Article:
This unique history is the big difference between China and the West. In the West capitalist development in the 19th and 20th centuries occurred over centuries on the basis of the plunder of the colonial world including the plunder of the ancient Chinese empire. Modern imperialism allowed these nations to accumulate huge wealth and bribe large sections of the working class with colonial super-profits to serve the interests of the bourgeoisie as politicians in the reformist parties and bureaucrats in the labor unions.
Trotsky pointed out that this accounted for the success of the revolution in Russia and its failure in Europe. The strength of reformism in Europe tied workers to the parliamentary system whereas in Russia, a backward capitalist country under a Tsarist dictatorship, bourgeois democracy was yet to be born. The socialist revolution overtook the bourgeois democratic revolution and incorporated its tasks as part of the ‘permanent revolution’.
However, for the Bolsheviks, a successful workers revolution in a backward country could not lead to socialism in one country. Russia’s isolation and economic backwardness created the conditions for the emergence of a bureaucracy under Stalin after 1924. The Stalinist bureaucracy reverted to a Menshevik “two-stage” theory that ‘backward’ (colonial or semi-colonial) countries had to follow the example of the Western countries and go through a bourgeois democratic stage to prepare the conditions for socialism. In the absence of a Russian bourgeoisie Stalin reverted to the old Bolshevik formula of the “democratic dictatorship of the workers and the peasants” in which the workers and all the peasantry would complete the bourgeois revolution in the absence of a revolutionary bourgeoisie.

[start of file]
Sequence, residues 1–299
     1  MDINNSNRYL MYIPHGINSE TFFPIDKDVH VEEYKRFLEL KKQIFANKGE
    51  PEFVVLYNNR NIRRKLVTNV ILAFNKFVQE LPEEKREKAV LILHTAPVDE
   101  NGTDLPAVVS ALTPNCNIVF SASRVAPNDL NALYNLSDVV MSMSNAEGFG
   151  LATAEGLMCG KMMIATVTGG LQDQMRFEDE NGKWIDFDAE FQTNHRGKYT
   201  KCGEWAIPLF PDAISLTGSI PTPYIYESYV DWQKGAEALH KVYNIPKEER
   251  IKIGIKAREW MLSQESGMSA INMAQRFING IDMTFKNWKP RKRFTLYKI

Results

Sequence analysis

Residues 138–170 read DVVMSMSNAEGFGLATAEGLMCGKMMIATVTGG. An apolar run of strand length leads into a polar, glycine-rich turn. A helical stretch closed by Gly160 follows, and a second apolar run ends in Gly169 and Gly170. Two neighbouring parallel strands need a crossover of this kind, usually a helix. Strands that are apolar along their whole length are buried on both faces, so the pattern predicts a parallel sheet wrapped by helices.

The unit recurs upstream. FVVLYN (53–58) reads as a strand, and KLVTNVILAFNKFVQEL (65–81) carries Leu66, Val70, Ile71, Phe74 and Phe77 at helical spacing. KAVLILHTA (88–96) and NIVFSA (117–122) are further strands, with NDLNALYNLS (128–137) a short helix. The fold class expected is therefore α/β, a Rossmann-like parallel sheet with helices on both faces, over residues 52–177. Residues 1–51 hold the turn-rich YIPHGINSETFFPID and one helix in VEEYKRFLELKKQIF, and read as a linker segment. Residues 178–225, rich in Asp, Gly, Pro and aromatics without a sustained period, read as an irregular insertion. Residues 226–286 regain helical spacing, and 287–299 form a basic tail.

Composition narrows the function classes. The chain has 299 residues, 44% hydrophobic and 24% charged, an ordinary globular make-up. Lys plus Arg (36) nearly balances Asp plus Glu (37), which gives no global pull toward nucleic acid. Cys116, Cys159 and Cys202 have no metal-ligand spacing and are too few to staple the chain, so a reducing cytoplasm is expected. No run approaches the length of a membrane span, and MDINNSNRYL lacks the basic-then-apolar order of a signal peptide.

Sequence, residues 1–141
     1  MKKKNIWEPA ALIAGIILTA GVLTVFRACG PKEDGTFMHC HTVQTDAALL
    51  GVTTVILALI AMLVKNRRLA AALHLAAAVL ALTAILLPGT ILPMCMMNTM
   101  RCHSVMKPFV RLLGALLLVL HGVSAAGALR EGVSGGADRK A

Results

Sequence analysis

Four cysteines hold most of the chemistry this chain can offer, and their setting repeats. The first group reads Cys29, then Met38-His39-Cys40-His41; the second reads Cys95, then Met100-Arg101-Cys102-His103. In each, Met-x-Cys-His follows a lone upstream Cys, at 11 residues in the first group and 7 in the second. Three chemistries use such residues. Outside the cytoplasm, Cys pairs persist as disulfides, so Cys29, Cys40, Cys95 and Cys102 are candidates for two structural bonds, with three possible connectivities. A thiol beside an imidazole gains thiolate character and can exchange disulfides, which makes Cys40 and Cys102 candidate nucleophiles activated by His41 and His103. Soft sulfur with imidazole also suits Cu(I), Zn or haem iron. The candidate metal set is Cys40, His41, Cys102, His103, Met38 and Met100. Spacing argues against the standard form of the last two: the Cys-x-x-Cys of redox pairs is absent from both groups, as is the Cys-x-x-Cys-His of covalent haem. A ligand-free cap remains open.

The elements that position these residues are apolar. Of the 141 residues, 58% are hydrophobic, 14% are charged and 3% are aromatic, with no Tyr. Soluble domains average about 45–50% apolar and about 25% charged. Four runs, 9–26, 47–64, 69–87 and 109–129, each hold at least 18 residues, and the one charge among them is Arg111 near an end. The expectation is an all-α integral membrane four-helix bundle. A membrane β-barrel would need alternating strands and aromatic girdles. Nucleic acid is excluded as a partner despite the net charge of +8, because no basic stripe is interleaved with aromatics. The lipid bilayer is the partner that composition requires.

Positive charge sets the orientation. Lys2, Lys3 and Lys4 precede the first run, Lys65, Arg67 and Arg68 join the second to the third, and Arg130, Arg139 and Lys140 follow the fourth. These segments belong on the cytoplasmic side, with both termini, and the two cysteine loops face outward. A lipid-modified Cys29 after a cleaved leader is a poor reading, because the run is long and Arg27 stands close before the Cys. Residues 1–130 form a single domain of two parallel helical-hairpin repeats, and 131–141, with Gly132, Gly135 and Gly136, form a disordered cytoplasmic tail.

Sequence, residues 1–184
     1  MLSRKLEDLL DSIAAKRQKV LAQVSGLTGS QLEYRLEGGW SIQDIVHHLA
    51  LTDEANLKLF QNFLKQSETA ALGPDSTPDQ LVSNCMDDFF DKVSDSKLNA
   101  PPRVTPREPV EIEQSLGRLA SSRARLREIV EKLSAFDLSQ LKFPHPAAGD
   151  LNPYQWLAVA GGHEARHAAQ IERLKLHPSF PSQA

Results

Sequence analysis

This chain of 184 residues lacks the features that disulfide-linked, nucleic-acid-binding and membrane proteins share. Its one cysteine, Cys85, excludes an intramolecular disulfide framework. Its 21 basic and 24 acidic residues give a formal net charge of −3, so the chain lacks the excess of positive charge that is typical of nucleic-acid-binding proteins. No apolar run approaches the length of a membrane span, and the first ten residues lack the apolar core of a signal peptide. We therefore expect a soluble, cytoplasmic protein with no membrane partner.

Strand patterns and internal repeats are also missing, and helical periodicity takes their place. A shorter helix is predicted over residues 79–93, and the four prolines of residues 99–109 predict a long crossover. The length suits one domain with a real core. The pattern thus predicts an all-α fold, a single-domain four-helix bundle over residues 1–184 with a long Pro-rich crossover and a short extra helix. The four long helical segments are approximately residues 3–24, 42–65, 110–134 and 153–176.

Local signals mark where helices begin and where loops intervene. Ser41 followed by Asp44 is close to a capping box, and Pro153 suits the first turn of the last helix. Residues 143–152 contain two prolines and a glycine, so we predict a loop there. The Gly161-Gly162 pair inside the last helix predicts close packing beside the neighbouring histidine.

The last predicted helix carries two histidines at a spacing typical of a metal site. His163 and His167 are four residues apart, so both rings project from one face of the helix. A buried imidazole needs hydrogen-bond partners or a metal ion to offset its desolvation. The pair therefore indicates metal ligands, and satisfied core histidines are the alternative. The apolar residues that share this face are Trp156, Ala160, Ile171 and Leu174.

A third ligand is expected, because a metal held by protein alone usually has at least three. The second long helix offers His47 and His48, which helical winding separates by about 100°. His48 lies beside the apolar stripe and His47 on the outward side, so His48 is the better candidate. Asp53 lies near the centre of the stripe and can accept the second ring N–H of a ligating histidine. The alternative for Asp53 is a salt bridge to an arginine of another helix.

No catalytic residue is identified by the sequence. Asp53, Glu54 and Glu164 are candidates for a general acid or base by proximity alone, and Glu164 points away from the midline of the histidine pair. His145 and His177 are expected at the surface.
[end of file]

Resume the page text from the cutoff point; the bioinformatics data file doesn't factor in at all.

According to his unreconstructed Menshevik cynicism that the proletarian revolution was premature in Russia, Stalin turned this theory into the “bloc of four classes” i.e. a national front of the proletariat, peasantry, petty bourgeois intelligentsia, and national bourgeoisie, to bring about the ‘bourgeois democratic’ revolution. This would allow the Soviet Union to form alliances with ‘democratic’ capitalist countries to buy the time necessary to build ‘socialism in one country’.
Against this Menshevik theory, the Bolshevik concept of Permanent Revolution was defended by the Left Opposition between 1923 and 1928 in an effort to win the leadership of the CCP to lead the poor peasants against the national bourgeoisies, including the rich peasants (kulaks), and the imperialist bourgeoisies. So the ‘permanent revolution’ must start off as a bourgeois democratic revolution against imperialism but immediately pass over to the socialist revolution against the bourgeoisie.
Theory/program of ‘permanent revolution’
Karl Marx originated this theory after the failure of the bourgeois revolutions in Europe in 1848. Henceforth the bourgeoisie was incapable of completing its own revolution to extend bourgeois rights to the masses (as we saw when Napoleon revoked the freedom of the slaves in Haiti) and that historic task was now that of the proletariat as part of the world socialist revolution.
Marx foresaw that the colonial world would not need to follow mechanically copy the stages of growth of capitalism in the West. Once the West extended is rule over the whole world (coming to its full force as imperialism in the late 19th century) the colonies could complete their national democratic struggle for independence only by means of socialist revolution.